Star-studded field tees off at U.S. Am
Hideki Matsuyama
Hideki Matsuyama

Japan’s Hideki Matsuyama has already made the cut in two Masters. Now he’ll make his first U.S. Amateur appearance next week at Cherry Hills Country Club in Colorado.

Matsuyama, No. 2 in the R&A World Amateur Rankings, has already won on the Japan Tour and was runner-up on that circuit two weeks ago. He’s finished 27th and 54th the past two years at Augusta National, earning his invitations by winning consecutive Asian Amateurs.

This year’s U.S. Amateur is scheduled for Aug. 13-19. Cherry Hills Country Club in Cherry Hills Village, Colo., and CommonGround Golf Course in Aurora will host the event’s two rounds of stroke play. The 312-man field will then be cut to 64 players for match play. All matches will be held at Cherry Hills.

Cherry Hills was the site of Phil Mickelson’s victory in the 1990 U.S. Amateur. The course also was site of Arnold Palmer’s lone U.S. Open victory. He shot a final-round 65 to finish two shots ahead of amateur Jack Nicklaus. Nicklaus’ son, Gary, qualified for this year’s U.S. Amateur.

Nine of the top 10 players in the R&A World Amateur Rankings are in the field at Cherry Hills; The Netherlands’ Daan Huizing, No. 4 in the world, is the lone exception. Chris Williams, winner of last week’s Western Amateur, is No. 1 in the R&A’s rankings, followed by Matsuyama, Jordan Spieth, Justin Thomas, Germany’s Marcel Schneider, Bobby Wyatt, Peter Williamson, Patrick Rodgers and NCAA champion Thomas Pieters of Belgium.

Williams is one of four members of the 2011 U.S. Walker Cup team in the field. Nathan Smith, Rodgers and Spieth also represented the United States last year at Royal Aberdeen.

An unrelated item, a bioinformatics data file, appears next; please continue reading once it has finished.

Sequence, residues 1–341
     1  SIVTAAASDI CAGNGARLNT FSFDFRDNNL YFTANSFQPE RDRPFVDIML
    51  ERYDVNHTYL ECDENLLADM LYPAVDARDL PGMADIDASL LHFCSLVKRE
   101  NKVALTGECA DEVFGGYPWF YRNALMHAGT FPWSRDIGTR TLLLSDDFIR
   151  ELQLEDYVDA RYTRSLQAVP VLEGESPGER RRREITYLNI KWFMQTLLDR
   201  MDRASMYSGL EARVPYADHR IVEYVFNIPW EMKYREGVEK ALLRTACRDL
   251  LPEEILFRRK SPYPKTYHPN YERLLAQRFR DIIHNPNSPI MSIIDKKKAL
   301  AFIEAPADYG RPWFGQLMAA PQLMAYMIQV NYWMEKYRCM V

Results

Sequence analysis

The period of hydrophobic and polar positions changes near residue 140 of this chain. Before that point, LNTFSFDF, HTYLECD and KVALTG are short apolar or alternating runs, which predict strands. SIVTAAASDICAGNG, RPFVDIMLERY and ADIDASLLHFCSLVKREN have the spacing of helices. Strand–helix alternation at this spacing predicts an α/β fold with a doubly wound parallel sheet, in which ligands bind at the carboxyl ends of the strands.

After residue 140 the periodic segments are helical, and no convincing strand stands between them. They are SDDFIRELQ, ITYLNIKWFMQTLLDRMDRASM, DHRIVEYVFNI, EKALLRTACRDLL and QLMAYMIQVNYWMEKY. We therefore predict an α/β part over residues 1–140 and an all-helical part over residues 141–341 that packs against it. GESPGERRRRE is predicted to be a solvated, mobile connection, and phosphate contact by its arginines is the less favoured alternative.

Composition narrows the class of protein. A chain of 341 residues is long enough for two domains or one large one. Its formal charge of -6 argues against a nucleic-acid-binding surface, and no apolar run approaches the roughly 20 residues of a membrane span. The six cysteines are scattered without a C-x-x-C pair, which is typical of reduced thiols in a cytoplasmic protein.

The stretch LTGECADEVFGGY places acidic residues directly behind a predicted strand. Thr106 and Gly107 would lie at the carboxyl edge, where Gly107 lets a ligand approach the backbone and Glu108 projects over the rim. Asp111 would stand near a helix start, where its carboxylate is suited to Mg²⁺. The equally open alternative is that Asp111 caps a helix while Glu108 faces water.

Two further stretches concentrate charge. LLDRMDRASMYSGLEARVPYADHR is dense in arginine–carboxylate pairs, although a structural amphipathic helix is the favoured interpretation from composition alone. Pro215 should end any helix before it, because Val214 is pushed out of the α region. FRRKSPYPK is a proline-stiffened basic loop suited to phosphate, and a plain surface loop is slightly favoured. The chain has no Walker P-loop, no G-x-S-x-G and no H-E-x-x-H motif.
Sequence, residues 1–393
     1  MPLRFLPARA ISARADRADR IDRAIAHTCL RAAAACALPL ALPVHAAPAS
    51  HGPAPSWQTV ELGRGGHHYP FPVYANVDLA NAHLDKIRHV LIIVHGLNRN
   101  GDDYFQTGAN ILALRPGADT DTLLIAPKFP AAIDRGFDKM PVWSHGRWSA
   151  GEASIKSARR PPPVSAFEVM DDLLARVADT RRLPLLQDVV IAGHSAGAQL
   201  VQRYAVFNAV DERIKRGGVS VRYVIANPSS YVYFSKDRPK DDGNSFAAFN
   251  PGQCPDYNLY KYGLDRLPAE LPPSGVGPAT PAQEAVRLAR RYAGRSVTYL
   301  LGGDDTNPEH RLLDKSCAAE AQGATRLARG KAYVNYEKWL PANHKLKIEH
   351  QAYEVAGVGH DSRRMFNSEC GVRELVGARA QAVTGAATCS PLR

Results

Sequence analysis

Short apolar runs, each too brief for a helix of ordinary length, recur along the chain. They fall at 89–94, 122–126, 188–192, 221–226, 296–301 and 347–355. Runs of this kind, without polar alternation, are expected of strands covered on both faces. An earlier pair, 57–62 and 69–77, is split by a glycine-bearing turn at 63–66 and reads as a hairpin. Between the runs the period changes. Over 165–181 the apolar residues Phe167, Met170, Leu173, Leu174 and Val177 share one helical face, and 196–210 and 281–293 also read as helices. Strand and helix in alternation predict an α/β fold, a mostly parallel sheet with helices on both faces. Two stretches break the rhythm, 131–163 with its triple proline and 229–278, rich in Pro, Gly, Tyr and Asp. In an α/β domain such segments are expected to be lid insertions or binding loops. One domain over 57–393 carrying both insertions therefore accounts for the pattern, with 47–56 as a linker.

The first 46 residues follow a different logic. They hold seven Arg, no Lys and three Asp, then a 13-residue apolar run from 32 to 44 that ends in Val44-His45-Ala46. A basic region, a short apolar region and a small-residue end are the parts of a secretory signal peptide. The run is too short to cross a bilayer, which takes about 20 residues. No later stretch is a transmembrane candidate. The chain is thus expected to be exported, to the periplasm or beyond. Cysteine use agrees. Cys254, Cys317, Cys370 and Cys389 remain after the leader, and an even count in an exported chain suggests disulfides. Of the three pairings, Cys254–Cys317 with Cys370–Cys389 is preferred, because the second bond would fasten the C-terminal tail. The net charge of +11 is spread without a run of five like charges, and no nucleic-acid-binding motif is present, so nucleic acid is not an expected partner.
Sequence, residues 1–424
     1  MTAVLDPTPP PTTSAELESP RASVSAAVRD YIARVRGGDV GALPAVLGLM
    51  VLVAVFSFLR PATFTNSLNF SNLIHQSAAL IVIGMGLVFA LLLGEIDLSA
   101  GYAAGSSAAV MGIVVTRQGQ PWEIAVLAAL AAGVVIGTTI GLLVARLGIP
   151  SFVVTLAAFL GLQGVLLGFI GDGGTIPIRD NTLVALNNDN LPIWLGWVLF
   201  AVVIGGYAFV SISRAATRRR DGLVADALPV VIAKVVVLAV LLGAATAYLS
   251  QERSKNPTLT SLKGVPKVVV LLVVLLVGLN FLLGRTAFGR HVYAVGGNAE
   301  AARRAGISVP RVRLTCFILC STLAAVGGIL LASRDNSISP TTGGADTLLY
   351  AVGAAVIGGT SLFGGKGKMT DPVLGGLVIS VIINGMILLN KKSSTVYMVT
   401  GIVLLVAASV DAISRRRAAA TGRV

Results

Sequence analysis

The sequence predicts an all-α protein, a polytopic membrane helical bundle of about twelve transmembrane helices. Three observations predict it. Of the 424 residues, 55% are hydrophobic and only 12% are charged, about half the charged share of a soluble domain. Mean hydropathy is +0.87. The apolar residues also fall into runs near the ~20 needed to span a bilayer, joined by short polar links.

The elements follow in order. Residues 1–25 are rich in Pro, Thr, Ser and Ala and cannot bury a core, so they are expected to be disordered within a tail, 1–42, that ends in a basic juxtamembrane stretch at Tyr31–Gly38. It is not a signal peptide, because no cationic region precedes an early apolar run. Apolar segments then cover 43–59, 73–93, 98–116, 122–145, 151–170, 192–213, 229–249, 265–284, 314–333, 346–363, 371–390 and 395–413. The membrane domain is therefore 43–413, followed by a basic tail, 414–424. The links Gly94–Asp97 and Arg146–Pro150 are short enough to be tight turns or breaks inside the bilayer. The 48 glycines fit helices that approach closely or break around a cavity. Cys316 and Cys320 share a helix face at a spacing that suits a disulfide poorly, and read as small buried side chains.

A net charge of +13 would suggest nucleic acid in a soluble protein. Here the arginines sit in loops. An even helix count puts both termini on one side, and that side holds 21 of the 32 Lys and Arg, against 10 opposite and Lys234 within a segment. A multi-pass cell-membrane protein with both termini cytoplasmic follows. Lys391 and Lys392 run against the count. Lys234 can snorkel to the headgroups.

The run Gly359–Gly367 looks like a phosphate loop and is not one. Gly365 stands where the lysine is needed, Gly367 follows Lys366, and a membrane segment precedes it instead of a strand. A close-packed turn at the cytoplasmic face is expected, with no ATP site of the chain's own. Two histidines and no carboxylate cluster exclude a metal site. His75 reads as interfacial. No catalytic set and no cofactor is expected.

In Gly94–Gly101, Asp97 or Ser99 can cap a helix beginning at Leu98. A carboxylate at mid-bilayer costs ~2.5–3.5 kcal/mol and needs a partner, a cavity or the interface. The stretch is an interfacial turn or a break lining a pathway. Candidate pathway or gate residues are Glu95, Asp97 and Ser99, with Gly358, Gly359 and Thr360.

Other notables in the field include U.S. Amateur Public Links champion T.J. Vogel; U.S. Junior champion Andy Shim and U.S. Open participants Beau Hossler, who briefly held the lead during the second round, and Andy Zhang, who at 14 years old became the youngest-ever U.S. Open participant. Four quarterfinalists from last year’s U.S. Amateur return this year: Jordan Russell, Max Buckley, Rodgers and Spieth.

Russell, who advanced to the semifinals of last year’s Amateur, lost to Williams in the final of last week’s Western Amateur. Spieth was the low amateur at this year’s U.S. Open (T-21). Last year’s U.S. Amateur champion Kelly Kraft and runner-up Patrick Cantlay both have turned professional.

Results For U.S. Amateur Golf Championship
WinTNSteven FoxHendersonville, TN2000
Runner-upCAMichael WeaverFresno, CA1500
SemifinalsKYJustin ThomasGoshen, KY1000
SemifinalsCABrandon HagyWestlake Village, CA1000
QuarterfinalsAustraliaOliver GossAustralia700

View full results for U.S. Amateur Golf Championship

ABOUT THE U.S. Amateur

The U.S. Amateur, the oldest USGA championship, was first played in 1895 at Newport Golf Club in Rhode Island. The event, which has no age restriction, is open to those with a Handicap Index of 2.4 or lower. It is one of 13 national championships conducted annually by the USGA, 10 of which are strictly for amateurs. It is the pre-eminent amateur competition in the world. Applications are typically placed online, starting the third week in April at www.usga.org.

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